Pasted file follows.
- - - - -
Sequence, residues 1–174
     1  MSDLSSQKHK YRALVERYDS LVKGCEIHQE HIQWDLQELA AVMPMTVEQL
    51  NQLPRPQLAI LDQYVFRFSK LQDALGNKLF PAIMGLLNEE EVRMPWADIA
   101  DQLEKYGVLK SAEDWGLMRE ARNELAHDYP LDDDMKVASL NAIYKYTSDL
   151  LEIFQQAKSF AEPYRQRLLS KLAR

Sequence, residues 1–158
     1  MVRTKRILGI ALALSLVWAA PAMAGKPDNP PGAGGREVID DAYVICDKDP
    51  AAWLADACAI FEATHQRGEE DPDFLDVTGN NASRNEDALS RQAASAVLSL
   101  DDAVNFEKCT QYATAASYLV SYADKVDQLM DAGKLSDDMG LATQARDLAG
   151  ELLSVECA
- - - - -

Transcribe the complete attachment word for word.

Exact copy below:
Sequence, residues 1–174
     1  MSDLSSQKHK YRALVERYDS LVKGCEIHQE HIQWDLQELA AVMPMTVEQL
    51  NQLPRPQLAI LDQYVFRFSK LQDALGNKLF PAIMGLLNEE EVRMPWADIA
   101  DQLEKYGVLK SAEDWGLMRE ARNELAHDYP LDDDMKVASL NAIYKYTSDL
   151  LEIFQQAKSF AEPYRQRLLS KLAR

Sequence, residues 1–158
     1  MVRTKRILGI ALALSLVWAA PAMAGKPDNP PGAGGREVID DAYVICDKDP
    51  AAWLADACAI FEATHQRGEE DPDFLDVTGN NASRNEDALS RQAASAVLSL
   101  DDAVNFEKCT QYATAASYLV SYADKVDQLM DAGKLSDDMG LATQARDLAG
   151  ELLSVECA